These are the rest of my podcasts.

I’ve noticed a somewhat alarming tendency in myself and some of my friends. We like to insulate ourselves, socializing and interacting mainly with people who dress, speak, act, and think like we do. Life is far more comfortable that way, but since so much interaction is being facilitated by technology that shrinks the effective distance between people, we can actually create bubbles of reality that isolate us -dangerously- from the perspective of the rest of the world. This is why I keep in touch with friends I have very little in common with anymore, why I try to listen to a co-worker even when I assume they are wrong, and one of the reasons I listen to the podcasts of Doug Stanhope and Bret Easton Ellis.

Stanhope’s podcast is almost entirely the chemically boosted conversations of comedians in nightclub greenrooms, before and after shows, on the road, and in hotel rooms. These are people -mostly all men- that are making their living by speaking cleverly at other people. Most of them have no more than a high school education, they are coarse, vulgar and offensive (sometimes a bit misogynistic) and extremely funny. It’s not a world I’ve ever lived in, but I enjoy listening to it.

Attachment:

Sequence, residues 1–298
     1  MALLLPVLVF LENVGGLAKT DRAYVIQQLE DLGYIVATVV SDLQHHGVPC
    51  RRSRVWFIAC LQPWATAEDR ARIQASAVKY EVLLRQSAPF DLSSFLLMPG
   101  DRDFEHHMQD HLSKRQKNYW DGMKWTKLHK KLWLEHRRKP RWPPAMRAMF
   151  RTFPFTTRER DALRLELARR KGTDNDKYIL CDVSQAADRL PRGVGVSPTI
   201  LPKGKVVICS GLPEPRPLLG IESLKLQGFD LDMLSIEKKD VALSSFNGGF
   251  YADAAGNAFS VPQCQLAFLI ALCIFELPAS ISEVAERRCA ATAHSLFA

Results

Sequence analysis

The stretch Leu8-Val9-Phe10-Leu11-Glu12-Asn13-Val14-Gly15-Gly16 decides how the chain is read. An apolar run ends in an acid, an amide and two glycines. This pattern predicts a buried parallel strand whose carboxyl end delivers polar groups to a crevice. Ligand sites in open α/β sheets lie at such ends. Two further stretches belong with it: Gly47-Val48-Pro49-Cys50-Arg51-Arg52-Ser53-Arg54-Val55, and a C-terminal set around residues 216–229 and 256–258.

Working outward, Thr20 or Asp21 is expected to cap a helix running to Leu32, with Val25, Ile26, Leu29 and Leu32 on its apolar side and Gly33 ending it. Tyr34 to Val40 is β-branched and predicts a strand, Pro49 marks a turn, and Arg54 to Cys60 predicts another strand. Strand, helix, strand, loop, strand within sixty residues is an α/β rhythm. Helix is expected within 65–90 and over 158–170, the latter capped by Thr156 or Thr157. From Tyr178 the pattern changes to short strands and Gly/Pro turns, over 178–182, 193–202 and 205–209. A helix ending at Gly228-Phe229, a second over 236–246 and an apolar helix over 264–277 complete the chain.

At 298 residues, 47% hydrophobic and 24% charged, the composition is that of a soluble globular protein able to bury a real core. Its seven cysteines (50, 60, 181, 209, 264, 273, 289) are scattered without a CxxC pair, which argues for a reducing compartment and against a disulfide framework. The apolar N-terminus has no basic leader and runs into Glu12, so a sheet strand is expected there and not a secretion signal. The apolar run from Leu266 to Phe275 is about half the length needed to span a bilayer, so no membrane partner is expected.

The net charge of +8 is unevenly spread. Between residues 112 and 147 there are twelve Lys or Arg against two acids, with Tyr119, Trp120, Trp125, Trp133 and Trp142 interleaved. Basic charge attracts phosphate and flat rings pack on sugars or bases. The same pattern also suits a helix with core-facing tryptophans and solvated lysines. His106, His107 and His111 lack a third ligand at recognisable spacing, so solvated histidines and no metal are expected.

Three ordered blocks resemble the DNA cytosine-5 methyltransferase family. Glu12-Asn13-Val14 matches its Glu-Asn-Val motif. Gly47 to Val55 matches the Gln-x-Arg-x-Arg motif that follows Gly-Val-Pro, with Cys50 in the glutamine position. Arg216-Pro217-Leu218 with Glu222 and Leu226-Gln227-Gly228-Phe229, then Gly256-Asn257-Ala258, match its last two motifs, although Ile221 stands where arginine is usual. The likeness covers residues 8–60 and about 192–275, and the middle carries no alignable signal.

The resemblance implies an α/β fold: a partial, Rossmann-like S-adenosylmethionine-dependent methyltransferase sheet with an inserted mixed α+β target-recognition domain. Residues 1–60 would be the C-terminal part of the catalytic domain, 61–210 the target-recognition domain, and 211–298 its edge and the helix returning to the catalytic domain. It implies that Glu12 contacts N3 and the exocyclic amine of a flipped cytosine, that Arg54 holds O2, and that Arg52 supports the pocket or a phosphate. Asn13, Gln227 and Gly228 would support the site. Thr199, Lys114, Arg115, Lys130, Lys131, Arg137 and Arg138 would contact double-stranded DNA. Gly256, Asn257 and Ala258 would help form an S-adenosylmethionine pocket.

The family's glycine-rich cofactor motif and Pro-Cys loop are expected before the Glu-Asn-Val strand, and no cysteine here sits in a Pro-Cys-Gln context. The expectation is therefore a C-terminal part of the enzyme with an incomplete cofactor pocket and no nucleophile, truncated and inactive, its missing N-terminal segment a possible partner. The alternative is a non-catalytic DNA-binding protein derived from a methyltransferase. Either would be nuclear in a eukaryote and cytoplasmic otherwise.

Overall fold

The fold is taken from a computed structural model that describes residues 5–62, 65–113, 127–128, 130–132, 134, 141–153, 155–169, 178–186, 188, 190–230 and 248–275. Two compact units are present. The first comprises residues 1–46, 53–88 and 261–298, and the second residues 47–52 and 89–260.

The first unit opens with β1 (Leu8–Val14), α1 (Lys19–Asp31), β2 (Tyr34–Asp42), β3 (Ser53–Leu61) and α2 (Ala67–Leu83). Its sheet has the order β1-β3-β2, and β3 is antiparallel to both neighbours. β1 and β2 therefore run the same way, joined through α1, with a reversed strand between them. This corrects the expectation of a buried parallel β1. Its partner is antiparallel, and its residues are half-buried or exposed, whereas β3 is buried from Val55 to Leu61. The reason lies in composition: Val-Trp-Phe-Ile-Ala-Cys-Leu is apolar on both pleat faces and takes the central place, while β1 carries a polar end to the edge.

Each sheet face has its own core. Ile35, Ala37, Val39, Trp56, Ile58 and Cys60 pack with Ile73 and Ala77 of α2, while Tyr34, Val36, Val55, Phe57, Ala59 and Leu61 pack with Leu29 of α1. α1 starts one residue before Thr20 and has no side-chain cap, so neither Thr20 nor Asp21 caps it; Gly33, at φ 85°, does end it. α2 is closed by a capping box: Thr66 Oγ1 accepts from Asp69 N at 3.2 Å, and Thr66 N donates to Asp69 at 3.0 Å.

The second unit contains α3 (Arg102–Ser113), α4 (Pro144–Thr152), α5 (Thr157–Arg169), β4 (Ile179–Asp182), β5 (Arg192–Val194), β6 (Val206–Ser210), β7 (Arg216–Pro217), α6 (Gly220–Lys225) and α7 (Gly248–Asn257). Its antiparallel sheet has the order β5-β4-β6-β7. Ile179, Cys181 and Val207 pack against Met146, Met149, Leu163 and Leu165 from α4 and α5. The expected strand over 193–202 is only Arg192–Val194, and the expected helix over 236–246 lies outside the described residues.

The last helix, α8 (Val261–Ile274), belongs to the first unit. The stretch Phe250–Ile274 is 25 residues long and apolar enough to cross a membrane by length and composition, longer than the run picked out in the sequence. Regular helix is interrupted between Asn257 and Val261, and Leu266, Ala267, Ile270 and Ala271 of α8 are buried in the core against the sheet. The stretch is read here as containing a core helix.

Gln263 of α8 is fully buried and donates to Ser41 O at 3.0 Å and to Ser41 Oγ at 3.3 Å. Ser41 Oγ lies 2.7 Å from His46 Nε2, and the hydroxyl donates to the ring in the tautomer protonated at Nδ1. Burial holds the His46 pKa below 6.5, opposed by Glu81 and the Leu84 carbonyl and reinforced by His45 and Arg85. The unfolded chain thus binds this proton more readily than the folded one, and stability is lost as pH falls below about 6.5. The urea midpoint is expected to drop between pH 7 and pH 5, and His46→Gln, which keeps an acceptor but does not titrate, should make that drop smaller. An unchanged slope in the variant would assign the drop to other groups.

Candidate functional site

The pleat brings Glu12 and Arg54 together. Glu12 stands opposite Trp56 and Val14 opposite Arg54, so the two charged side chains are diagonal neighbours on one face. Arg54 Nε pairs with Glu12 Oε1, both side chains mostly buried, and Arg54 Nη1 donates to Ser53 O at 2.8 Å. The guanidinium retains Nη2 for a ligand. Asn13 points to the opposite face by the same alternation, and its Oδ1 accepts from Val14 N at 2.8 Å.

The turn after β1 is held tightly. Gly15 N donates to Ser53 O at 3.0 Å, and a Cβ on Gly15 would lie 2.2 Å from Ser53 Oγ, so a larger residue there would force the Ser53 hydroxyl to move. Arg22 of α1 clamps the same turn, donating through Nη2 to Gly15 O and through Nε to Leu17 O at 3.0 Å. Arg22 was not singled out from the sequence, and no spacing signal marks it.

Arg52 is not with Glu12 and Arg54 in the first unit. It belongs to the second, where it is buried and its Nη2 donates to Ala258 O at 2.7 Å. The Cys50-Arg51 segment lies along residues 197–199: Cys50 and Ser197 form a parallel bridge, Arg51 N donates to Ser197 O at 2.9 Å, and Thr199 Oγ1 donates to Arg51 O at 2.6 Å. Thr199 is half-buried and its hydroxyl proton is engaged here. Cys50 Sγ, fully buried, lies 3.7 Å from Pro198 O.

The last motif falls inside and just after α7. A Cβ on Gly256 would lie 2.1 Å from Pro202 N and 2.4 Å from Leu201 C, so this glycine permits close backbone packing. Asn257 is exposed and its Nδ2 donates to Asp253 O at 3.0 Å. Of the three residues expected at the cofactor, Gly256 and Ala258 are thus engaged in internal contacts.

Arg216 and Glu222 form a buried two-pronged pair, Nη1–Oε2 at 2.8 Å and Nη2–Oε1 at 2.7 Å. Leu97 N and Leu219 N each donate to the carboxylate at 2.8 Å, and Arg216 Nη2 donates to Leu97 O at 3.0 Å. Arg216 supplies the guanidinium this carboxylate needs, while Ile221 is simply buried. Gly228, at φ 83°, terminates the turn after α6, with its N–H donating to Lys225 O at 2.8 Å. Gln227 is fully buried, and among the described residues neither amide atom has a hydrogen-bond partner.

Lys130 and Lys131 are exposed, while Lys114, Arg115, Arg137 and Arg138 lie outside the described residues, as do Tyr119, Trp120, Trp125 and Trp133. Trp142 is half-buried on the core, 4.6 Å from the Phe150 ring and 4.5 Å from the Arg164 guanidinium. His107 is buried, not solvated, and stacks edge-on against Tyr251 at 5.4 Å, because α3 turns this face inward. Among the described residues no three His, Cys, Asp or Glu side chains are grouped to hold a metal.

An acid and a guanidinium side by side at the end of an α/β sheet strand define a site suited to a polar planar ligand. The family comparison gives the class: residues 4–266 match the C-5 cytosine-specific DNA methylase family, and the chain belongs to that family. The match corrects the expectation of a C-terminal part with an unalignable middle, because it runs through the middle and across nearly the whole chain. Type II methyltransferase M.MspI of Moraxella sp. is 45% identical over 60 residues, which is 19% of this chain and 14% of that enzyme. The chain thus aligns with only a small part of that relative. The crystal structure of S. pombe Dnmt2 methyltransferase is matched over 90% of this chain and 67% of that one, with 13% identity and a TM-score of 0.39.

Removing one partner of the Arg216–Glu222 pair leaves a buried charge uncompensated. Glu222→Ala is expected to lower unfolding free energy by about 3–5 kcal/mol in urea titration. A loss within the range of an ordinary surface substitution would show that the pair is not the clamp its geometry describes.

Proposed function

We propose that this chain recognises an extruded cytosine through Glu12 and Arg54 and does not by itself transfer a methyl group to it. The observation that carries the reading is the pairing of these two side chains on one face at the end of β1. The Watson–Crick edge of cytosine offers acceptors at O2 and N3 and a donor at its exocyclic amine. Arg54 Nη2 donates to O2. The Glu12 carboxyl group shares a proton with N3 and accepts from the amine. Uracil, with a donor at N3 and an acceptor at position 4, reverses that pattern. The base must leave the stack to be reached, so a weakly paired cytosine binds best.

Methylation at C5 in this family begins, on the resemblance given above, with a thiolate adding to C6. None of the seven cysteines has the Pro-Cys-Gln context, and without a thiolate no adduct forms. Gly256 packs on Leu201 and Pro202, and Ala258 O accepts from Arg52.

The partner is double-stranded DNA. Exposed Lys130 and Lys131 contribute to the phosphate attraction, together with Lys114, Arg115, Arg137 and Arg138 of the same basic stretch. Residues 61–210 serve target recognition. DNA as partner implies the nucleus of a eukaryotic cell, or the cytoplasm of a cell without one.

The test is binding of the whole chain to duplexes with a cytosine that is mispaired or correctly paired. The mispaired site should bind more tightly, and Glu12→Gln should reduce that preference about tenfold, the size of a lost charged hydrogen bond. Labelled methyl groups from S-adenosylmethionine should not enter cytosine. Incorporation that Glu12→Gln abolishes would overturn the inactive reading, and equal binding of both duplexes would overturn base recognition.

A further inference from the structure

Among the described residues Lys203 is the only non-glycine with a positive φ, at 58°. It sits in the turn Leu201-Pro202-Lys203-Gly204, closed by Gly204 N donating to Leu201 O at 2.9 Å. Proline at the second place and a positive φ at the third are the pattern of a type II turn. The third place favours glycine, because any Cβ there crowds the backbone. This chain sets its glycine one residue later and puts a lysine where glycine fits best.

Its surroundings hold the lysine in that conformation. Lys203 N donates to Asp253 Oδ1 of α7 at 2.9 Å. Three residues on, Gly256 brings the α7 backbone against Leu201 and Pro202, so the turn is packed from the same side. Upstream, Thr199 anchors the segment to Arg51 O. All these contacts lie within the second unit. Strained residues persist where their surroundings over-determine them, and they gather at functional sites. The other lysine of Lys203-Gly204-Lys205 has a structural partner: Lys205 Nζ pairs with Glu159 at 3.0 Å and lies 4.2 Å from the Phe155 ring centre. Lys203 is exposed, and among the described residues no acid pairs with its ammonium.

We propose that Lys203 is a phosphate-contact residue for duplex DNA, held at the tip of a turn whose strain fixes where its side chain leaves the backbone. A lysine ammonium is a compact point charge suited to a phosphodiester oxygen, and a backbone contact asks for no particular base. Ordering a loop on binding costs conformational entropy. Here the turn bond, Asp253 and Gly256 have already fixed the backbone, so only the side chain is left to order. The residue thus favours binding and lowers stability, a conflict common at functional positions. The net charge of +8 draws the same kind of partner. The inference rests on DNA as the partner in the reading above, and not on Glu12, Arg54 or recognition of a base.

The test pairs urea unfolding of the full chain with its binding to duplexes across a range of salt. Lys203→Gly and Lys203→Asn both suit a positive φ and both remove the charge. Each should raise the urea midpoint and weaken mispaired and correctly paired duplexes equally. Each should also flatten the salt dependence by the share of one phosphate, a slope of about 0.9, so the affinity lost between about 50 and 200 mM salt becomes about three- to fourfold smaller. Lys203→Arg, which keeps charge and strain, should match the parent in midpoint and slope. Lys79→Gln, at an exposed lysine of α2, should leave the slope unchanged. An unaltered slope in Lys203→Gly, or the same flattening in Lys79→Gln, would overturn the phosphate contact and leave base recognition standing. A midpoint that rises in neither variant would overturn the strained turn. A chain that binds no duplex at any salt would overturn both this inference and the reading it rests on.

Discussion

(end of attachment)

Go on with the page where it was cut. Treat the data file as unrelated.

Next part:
Ellis’s podcast is much more produced and scripted. He writes a monologue for every show, the equivalent of a short essay or think piece. In spite of his literary background, his favorite topics are movies, (arguably his real great love) pop culture, the state of the national “conversation”, and the gay community. He’s pompous and excessive to a point that approaches the cartoonish, but he has some clever insights and interesting perspectives. His guests are not usually people I would seek out, but the conversations are wide-ranging and captivating.

The Delano Podcast is local(ish) flavor. Delano is a burg a dozen odd miles north of Bakersfield, but the topics are generally pertinent to the greater Valley area in general. It’s very much a local effort with local-levels of monetary support -so the production is lo-fi- but the conversation is hilarious and the output is professional. I enjoy the clever commentary about local goings-on, like the random clowns walking around Wasco late at night, freak dust storms, and Harley-Davidson culture.